Blind Boone's Vision
by Tyehimba Jess
Photo by John Midgley
Workshop Title: Talent
Say, “Think of somebody whom you find immensely talented. What makes this person “better” than the rest? What makes them unique? Discuss their extraordinary talent with the rest of the group.” Then give your students time to discuss.
Read “Blind Boone’s Vision” by Tyehimba Jess. When you’re done, briefly discuss how the poem is able to depict Boone as somebody of enormous talent, somebody whose legacy will continue to live on.
Have your students choose someone – like Tyehimba Jess did with “Blind” Boone – whom they admire because of their sheer talent and/or accomplishments. This talent can come in the form of their musical abilities, their athletic endowments, etc. Then, ask your students to come up with a brief anecdote (either real or fictitious) that provides a bit of context or backstory behind this person’s immense talents. Give your students time to brainstorm.
Ask your students to write a poem in a style similar to “Blind Boone’s Vision” by Tyehimba Jess in which they pay homage to somebody with extraordinary talents or accomplishments.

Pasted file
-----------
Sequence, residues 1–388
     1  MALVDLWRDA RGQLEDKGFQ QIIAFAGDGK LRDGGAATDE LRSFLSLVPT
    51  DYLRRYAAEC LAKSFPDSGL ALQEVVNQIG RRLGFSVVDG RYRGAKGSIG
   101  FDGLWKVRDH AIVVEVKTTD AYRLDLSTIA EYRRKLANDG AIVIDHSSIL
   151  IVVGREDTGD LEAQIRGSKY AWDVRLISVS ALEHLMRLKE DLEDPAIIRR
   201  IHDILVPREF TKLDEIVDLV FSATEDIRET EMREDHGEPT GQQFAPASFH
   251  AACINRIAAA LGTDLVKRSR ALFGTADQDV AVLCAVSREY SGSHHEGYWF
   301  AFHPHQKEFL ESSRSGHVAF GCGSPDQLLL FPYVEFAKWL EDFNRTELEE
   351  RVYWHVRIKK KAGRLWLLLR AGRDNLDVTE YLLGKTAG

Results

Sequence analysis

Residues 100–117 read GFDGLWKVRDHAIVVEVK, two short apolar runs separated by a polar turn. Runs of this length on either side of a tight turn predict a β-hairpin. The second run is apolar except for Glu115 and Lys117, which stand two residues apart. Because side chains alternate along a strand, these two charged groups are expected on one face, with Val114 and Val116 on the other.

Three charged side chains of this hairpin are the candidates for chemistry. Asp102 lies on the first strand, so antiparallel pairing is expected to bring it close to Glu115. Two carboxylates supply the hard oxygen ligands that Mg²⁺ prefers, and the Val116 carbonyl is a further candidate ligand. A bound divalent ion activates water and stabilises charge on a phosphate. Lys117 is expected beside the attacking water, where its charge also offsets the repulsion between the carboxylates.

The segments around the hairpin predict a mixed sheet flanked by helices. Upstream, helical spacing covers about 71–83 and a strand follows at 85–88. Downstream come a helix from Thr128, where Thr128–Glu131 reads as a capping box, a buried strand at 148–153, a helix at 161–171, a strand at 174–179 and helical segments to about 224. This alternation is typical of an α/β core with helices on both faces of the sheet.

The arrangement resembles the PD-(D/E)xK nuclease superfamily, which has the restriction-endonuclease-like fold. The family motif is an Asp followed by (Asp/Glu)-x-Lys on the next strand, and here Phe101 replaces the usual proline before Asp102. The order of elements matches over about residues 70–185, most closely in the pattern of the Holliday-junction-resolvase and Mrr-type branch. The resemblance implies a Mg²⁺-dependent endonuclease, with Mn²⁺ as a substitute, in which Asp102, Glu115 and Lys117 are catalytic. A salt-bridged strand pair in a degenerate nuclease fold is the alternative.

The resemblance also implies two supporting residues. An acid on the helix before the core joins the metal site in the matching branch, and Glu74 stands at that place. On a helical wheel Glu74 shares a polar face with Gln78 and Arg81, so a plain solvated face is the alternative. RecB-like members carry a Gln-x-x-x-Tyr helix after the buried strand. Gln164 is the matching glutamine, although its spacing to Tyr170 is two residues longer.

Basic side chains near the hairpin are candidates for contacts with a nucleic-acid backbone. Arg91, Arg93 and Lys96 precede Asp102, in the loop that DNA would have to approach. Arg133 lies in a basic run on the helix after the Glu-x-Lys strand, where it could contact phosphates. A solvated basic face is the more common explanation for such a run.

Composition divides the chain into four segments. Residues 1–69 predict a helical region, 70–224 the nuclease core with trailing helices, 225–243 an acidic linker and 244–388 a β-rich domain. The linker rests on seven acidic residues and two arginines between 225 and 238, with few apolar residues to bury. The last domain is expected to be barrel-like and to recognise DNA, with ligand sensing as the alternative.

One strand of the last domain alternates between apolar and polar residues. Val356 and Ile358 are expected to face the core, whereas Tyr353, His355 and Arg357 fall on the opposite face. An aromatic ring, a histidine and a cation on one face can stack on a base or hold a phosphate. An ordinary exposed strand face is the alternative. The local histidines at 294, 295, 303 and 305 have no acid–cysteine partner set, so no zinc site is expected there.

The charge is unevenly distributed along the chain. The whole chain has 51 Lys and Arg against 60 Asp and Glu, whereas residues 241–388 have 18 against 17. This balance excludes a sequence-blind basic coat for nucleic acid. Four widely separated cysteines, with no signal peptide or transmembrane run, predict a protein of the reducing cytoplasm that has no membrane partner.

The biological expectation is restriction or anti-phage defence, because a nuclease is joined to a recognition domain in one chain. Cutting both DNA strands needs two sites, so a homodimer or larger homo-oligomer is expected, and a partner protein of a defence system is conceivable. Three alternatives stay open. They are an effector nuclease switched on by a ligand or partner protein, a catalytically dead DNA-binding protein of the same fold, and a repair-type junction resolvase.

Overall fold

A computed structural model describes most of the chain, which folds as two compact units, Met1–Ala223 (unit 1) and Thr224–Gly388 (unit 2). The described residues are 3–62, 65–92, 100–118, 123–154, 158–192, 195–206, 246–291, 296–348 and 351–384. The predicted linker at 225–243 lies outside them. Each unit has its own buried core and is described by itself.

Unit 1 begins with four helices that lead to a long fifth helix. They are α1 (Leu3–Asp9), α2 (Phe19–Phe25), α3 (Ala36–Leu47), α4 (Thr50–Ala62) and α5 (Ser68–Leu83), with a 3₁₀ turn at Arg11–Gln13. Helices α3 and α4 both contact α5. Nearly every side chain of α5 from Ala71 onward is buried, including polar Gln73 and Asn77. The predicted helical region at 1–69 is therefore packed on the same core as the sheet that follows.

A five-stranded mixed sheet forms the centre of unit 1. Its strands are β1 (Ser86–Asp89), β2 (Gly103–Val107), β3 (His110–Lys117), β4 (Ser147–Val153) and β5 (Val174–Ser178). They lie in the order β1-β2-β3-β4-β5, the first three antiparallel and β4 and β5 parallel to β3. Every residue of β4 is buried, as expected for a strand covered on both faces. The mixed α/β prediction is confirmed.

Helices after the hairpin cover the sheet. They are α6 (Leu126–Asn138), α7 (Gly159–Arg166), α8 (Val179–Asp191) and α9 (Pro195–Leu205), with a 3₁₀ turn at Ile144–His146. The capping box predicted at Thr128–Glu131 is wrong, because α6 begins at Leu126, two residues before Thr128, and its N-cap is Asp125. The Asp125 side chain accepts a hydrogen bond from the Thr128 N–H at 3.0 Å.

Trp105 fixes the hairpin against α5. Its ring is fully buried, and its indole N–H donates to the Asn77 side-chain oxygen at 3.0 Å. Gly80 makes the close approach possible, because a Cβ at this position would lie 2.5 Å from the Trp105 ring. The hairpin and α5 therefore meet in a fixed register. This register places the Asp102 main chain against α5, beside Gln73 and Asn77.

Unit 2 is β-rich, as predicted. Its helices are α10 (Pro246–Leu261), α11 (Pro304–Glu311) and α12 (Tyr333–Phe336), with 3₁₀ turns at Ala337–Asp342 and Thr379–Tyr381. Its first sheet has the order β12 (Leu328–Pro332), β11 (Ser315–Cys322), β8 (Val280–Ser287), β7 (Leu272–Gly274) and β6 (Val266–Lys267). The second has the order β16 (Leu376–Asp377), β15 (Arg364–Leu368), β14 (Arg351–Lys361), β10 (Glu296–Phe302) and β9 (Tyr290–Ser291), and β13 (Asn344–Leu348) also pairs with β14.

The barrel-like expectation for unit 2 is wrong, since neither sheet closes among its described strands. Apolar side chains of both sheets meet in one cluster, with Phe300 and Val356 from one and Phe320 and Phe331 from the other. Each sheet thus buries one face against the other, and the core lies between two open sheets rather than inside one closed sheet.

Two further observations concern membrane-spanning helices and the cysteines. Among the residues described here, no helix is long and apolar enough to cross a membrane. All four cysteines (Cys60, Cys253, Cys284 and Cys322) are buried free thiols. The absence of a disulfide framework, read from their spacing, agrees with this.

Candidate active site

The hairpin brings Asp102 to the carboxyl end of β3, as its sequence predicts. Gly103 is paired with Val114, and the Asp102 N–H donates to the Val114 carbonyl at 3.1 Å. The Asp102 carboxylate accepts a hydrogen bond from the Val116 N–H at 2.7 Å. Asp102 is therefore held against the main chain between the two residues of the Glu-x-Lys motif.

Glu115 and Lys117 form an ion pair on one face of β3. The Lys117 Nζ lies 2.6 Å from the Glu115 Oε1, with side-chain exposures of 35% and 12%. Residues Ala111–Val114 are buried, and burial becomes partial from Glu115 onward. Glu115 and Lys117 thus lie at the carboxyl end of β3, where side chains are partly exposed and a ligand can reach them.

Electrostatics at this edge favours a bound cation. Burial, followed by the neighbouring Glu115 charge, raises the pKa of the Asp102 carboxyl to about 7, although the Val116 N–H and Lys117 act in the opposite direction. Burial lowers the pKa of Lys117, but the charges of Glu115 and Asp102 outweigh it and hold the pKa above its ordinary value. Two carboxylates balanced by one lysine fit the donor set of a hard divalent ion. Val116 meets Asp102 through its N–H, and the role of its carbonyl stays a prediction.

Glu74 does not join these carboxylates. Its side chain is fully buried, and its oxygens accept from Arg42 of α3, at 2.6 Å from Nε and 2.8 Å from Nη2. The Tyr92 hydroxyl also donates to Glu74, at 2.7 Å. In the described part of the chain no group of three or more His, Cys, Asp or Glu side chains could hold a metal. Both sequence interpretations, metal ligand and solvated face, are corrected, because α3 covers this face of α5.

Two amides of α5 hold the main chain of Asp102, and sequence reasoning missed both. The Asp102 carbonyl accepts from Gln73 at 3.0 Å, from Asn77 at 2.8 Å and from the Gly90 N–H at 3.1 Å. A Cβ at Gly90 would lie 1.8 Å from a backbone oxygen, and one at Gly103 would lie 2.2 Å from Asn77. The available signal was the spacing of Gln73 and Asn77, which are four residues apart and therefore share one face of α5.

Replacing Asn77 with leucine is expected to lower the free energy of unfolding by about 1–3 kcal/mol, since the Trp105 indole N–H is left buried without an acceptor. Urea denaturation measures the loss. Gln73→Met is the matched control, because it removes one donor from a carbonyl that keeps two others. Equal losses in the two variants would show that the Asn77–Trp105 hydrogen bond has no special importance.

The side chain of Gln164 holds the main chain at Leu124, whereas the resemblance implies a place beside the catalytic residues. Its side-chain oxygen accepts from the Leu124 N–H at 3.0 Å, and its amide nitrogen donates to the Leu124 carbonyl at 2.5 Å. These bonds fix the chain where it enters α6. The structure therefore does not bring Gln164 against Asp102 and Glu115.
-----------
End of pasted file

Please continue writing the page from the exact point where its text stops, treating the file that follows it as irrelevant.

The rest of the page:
When the students are done, have them share their responses with one another.
Area of Focus: Various
This lesson allows students to analyze various concepts and skills, so it is recommended that you have covered several of the “standalone” lessons before assigning this one. The prominent literary devices & techniques that this particular poem includes are: diction, tone, selection of detail, imagery, figurative language, and structure.
Begin by showing your students the following segment about a mural created in memory of John William “Blind” Boone.
When the video is done, read “Blind Boone’s Vision” by Tyehimba Jess. When you’re done, ask your students how the poem, like the mural, is intended to honor the legacy and brilliance of the musician. Briefly discuss.
Ask your students to open the following document and go over the instructions with them. In this assignment, your students will have to create a “mural” of “Blind” Boone using only the text of the poem to support their creative choices.
When your students are done, have them share their final products with the class and have the class attempt to identify how certain elements of the murals were inspired by or reflective of the poem itself.
If time permits, share the exemplar essay with them.
- Body / Body Image
- Children / Youth
- Creativity / Imagination / Writing
- Disability Themes
- Education Formal / Informal
- Environment / Environmental Justice
- Health / Health Care / Illness
- Figurative Language
- Selection of Detail